BACKGROUND AND PURPOSE: 

  • Schwarz et al. (Journal of General Internal Medicine, 2022) compare the effectiveness and safety of IUDs to laparoscopic tubal ligation for Medicaid clients

METHODS: 

  • Retrospective cohort study
    • California database
    • Medicaid claims data
  • Population
    • IUD placed or laparoscopic tubal ligation
    • Procedure performed between 2008 and 2014
  • Exposures
    • IUD placement
    • Tubal ligation
  • Study design
    • Study included stakeholder advisory board including patients and clinicians
    • Linear regression models used to test associations between contraceptive procedure and outcomes
    • Adjustments for sociodemographic variables and pre-procedure health status
  • Primary outcome
    • Contraceptive failure
    • Complications
    • Pain in first year post-procedure

RESULTS: 

  • Levonorgestrel IUD: 35,705 patients | Copper IUD: 23,628 patients | Tubal ligation: 23,965 patients
  • In unadjusted analyses, rates of pregnancy within 1 year were similar among the groups
    • Levonorgestrel IUD: 2.40%
    • Copper IUD: 2.99%
    • Tubal ligation: 2.64%
  • In adjusted analyses, compared to tubal ligation, pregnancy was less common following placement of
    • Levonorgestrel IUD
      • Adjusted incident rate ratio (aIRR) 0.72 (95% CI, 0.64 to 0.82)
    • Copper IUD
      • aIRR 0.92 (95% CI, 0.82 to 1.05)
  • Procedural complications such as infection were significantly less common with IUD placement than tubal ligation
    • IUD placement: 0.35%
    • Tubal ligation: 2.91%
  • Claims for pelvic and abdominal pain decreased in frequency over time regardless of contraceptive approach
  • At 6 to 12 months post-procedure, pelvic pain claims were less common after
    • Levonorgestrel IUD placement
      • aIRR 0.69 (95% CI, 0.65 to 0.73)
    • Copper IUD placement
      • aIRR 0.70 (95% CI, 0.66 to 0.75)
  • Results unchanged even after excluding patients at highest risk for post-procedure complications

CONCLUSION: 

  • Among patients with medicaid insurance, placement of a levonorgestrel or copper IUD is at least as effective at preventing pregnancy as tubal ligation 1-year post-procedure
  • Compared to tubal ligation, pregnancy within 1 year was
    • Lower than laparoscopic tubal ligation
    • Similar for copper IUD
  • Pain and infection were less common in patients who received an IUD vs tubal ligation
  • The authors state

As desire for reversal of tubal ligation is known to occur, it is important that all patients considering tubal ligation receive thorough counseling regarding the comparative safety and effectiveness of IUC prior to undergoing tubal ligation


Learn More – Primary Sources: 

Comparative Effectiveness and Safety of Intrauterine Contraception and Tubal Ligation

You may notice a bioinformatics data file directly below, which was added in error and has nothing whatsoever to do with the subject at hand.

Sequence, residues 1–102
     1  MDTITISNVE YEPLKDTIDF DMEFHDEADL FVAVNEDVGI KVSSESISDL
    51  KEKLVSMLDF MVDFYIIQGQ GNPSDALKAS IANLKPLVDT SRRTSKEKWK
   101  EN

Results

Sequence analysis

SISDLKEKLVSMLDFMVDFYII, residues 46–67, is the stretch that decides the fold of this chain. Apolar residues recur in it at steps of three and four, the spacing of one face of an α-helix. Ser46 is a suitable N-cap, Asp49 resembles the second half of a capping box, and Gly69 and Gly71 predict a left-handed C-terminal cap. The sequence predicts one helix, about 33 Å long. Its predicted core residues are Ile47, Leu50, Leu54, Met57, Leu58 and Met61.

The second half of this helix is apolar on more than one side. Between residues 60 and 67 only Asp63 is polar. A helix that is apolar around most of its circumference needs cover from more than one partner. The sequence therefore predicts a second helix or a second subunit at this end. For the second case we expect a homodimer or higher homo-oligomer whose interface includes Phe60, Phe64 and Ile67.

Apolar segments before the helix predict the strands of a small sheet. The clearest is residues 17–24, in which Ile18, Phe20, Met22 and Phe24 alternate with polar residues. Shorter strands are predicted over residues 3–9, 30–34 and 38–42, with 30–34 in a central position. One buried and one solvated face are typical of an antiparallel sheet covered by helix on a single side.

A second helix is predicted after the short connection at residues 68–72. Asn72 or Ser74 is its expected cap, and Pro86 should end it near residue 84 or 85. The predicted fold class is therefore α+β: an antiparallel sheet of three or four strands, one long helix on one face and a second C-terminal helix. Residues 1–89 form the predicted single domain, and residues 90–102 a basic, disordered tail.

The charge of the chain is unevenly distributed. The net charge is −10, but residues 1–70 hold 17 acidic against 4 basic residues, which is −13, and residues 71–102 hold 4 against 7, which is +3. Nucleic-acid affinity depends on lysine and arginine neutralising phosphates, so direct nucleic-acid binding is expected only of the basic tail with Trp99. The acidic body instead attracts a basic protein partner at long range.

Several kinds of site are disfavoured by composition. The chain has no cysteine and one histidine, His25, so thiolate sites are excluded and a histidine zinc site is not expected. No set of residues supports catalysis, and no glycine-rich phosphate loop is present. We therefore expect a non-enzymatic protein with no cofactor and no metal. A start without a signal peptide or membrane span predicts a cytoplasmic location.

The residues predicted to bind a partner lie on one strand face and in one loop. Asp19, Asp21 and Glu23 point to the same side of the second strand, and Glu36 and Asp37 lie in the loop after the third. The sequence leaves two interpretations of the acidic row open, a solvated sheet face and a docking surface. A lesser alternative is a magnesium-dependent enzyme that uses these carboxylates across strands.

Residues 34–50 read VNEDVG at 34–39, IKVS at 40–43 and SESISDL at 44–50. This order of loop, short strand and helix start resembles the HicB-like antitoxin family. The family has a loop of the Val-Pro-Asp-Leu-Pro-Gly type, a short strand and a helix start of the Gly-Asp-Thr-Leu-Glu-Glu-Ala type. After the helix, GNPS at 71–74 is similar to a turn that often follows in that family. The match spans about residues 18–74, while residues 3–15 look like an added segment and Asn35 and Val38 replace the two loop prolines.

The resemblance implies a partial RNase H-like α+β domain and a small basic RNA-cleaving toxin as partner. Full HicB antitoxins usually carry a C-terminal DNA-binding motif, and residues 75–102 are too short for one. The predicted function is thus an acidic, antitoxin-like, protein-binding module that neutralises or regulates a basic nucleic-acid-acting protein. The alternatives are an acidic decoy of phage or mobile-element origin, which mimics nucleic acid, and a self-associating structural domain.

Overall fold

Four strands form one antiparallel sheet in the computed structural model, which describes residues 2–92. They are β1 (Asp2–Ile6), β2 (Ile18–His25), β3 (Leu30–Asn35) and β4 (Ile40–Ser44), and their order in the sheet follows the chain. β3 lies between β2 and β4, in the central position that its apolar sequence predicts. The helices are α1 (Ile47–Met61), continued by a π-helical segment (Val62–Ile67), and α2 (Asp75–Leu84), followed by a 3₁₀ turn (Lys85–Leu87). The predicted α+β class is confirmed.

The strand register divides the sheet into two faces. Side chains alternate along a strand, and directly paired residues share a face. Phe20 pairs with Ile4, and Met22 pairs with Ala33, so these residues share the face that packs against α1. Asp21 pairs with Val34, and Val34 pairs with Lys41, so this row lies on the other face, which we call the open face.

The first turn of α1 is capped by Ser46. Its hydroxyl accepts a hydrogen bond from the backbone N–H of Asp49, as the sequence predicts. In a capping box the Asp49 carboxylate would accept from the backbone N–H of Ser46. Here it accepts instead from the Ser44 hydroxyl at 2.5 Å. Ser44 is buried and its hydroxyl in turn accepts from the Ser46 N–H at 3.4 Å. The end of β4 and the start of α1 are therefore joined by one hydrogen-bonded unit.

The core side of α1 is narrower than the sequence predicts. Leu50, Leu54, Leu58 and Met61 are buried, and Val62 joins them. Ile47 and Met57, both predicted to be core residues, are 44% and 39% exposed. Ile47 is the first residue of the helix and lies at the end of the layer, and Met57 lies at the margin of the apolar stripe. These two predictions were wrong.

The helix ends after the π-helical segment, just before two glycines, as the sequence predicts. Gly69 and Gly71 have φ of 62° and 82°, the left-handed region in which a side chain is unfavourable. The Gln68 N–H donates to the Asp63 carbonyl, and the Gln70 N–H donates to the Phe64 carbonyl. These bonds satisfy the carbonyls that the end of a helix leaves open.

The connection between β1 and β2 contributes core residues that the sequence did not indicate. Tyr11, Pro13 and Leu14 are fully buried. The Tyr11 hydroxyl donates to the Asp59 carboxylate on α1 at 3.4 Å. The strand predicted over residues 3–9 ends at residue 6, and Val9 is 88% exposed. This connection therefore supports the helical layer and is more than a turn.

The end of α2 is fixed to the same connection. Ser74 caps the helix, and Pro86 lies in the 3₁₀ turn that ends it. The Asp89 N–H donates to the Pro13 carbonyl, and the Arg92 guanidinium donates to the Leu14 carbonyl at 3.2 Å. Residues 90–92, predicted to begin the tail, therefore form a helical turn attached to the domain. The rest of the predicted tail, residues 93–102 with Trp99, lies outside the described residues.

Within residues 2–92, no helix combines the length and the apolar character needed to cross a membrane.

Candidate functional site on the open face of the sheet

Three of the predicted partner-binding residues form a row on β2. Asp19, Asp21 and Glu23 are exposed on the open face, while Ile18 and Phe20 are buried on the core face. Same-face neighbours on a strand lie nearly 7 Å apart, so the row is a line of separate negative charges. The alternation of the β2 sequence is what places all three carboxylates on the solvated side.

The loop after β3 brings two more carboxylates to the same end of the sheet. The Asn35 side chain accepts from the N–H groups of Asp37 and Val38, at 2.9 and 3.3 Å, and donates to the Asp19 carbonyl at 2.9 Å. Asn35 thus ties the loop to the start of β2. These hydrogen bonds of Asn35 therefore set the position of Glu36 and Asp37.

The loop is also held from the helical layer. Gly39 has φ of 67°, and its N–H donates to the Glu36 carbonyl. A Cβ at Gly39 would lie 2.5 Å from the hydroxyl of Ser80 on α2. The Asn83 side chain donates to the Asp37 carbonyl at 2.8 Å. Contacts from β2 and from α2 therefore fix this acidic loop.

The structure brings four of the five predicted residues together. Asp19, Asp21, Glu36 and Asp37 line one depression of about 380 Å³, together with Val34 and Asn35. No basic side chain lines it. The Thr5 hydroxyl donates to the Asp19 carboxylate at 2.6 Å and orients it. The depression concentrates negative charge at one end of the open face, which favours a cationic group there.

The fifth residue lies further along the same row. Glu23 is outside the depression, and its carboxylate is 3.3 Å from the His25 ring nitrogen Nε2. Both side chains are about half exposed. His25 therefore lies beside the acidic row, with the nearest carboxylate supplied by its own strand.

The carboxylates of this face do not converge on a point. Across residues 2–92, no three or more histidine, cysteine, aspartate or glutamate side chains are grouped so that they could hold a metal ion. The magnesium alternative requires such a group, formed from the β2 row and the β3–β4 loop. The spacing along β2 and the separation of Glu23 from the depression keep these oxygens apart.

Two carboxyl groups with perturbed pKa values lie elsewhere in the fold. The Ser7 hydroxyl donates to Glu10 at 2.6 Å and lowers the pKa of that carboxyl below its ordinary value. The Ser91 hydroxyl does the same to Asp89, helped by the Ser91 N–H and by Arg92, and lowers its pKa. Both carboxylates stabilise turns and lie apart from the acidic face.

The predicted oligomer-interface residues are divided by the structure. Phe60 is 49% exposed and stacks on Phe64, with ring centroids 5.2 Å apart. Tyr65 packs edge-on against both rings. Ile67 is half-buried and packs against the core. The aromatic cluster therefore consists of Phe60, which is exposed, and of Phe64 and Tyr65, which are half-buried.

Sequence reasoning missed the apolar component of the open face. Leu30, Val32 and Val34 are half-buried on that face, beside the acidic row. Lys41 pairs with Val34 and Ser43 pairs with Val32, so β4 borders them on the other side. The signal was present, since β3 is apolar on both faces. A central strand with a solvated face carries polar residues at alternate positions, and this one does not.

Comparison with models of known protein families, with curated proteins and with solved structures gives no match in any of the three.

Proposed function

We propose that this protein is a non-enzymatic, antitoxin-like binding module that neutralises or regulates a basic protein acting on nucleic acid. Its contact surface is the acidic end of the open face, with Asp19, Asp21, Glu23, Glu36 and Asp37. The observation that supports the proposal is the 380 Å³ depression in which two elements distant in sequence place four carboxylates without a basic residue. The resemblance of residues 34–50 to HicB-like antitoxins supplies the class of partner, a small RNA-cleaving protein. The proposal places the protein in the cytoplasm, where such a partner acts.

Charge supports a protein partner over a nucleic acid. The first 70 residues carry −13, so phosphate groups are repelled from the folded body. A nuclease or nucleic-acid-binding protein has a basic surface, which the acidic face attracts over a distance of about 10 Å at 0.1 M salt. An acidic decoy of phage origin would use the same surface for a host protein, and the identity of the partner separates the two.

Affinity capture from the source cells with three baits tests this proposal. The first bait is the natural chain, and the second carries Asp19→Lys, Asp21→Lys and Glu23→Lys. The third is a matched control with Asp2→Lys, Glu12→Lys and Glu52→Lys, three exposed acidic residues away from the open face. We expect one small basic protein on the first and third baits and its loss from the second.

Can Vaccination Lead to Improved Long-COVID Symptoms?

BACKGROUND AND PURPOSE: 

  • Risk factors and disease progression of Long-COVID or post-acute sequelae of SARS-CoV-2 infection are not well understood 
    • It isn’t clear whether vaccination can help prevent or improve symptoms of long-COVID 
  • Nehme et al. (Journal of General Internal Medicine, 2022) described the association of vaccination and the evolution of six cardinal symptoms embodying post-acute sequelae of SARS-CoV-2  

METHODS: 

  • Survey based study 
  • Participants 
    • Individuals who previously tested positive for SARS-CoV-2 infection (RT-PCR test) at a testing center in Switzerland  
    • Survey was sent between April 23 to July 27, 2021 
  • Exposures 
    • Post-acute sequelae of SARS-CoV-2 
    • Vaccination status 
  • Study design 
    • At the time of the study, the public health recommendations in Switzerland were for previously infected individuals to preferably receive one dose of vaccination only 
  • Primary outcome 
    • Persistence of symptoms  
      • Fatigue | Difficulty concentrating or memory loss | Loss of or change in smell | Loss of or change in taste | Shortness of breath | Headache 

RESULTS: 

  • 2094 participants 
    • Vaccinated, one dose: 26.6% 
    • Vaccinated, two doses: 20.5% 
  • Symptom status following vaccination 
    • Symptoms disappeared: 30.8% 
    • Symptoms improved: 35.5% 
    • Symptoms remained stable: 28.7% 
    • Symptoms worsened: 3.3% 
  • Vaccination (one or two doses) was associated with a decreased prevalence of the six cardinal post-SARS-CoV-2 symptoms 
    • Adjusted odds ratio (aOR) 0.72 (95% CI, 0.56 to 0.92) 
  • Vaccination with 2 doses was associated with a decreased prevalence of 
    • Dyspnea: aOR 0.34 (95% CI, 0.14 to 0.82) 
    • Change in taste: aOR 0.38 (95% CI, 0.18 to 0.83)